“This is ridiculous. We’re getting no-where fast.” The streets and buildings were angled in such a way that, even though it was close, the castle was consistently blocked from view. After passing the same dried-up fountain several times Rodney gave up and sat on the steps of the nearest crooked house. John and Jeannie were so damn close and he couldn’t get to them.

“We just need a better view,” Ronon said. He scanned the surrounding buildings until he found one with a round central tower. “Be right back.”

He squeezed himself through a ridiculously small door and disappeared from sight. Teyla sat beside Rodney, sticks propped up against the wall.

“You are worried for John.”

“Of course I am,” Rodney snapped. “Have you met the Goblin King? He gives me the skeeves. And you’ve seen what he’s already done to John, the way he’s disfigured him. He could be torturing him right now while we sit here getting covered with dust.”

Teyla nodded. “You have known him such a short amount of time and yet you are his champion.”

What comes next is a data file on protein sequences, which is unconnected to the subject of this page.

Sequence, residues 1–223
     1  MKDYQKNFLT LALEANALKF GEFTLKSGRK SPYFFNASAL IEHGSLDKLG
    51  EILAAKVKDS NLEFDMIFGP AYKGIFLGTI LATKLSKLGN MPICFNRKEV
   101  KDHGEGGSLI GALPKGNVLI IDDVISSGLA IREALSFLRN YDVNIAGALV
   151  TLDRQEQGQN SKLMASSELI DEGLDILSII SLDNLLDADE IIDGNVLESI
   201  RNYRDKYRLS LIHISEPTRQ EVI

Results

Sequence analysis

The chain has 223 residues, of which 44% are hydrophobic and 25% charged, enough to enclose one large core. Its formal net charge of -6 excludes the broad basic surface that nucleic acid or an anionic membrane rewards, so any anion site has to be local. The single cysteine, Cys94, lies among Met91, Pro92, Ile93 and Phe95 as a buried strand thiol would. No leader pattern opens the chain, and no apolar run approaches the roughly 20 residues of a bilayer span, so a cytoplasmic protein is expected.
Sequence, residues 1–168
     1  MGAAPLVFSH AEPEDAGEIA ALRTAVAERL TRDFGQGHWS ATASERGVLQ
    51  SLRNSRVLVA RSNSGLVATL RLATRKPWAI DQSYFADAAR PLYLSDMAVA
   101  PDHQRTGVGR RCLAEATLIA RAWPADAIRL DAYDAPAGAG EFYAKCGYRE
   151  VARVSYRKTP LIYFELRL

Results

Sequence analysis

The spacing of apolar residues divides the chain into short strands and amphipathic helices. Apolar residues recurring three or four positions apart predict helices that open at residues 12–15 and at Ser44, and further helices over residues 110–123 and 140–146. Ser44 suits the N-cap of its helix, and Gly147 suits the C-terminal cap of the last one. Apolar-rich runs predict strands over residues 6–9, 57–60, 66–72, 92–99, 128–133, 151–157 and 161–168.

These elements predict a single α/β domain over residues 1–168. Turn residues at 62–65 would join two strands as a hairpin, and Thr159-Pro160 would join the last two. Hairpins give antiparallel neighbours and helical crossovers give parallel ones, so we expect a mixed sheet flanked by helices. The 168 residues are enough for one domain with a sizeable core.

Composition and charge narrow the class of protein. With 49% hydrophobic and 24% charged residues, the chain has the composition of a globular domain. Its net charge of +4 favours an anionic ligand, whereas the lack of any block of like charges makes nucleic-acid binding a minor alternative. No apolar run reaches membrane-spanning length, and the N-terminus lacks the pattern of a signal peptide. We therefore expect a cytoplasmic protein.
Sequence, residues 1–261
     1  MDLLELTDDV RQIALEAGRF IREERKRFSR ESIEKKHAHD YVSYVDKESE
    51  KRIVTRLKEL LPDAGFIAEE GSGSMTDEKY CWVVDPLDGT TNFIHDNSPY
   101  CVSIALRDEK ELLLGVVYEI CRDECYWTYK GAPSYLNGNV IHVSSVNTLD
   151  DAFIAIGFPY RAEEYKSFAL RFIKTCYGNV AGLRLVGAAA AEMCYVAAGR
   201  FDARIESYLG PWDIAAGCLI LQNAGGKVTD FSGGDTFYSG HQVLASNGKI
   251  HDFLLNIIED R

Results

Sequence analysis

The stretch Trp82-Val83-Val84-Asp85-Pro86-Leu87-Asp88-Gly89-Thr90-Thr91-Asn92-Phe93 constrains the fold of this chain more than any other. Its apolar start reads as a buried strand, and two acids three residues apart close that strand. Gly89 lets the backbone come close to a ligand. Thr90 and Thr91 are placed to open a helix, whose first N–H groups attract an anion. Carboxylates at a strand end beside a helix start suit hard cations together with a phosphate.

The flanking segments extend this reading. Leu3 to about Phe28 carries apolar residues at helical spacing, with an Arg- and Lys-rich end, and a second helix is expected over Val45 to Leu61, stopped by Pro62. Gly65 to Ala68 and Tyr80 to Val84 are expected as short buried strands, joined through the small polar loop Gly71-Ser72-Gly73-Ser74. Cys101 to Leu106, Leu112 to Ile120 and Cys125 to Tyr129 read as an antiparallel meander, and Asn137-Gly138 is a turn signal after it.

He flushed and looked away. He didn’t know how to explain his feelings, not even to himself. He’d never been outspoken about civil rights or anything like that. In fact, he spent a lot of time actively disliking other people and wishing they’d all go away and leave him alone to work in peace. But there was something about John. He was terrifying but vulnerable. Disfigured but somehow no less attractive because of it. Rodney remembered the dream, how they’d kissed.

“You have seen his heart,” Teyla said. “That is a wonderful gift.”

Rodney was saved from having to reply to that when the roof of the tower suddenly slid away, shingles raining down with a clatter on the street below. Ronon’s head popped out of the top, which for some reason set Rodney off laughing so hard that tears ran out of his eyes. Even Teyla’s lips twitched up in a grin.

“What’s funny?” Ronon called down.

“You!” Rodney gasped. “Demented jack-in-the-box!”

That just sent him off again and he had to lean against Teyla until he caught his breath. Meanwhile Ronon did a full 180 degree scan in the tower before disappearing from view and returning street side.

“That way,” he said, pointing.

The last bit of Rodney’s humor dried up as he got back on task. They moved more purposefully through the city, and this time didn’t return to the fountain. Rodney started to get a bad feeling. They’d encountered a goat, several chickens, and a lean black cat that had hissed and spit before running off.

“Where are all the goblins?” he wondered aloud.

“Perhaps they are all patrolling the maze?” Teyla sounded doubtful as she said that, and rightfully so.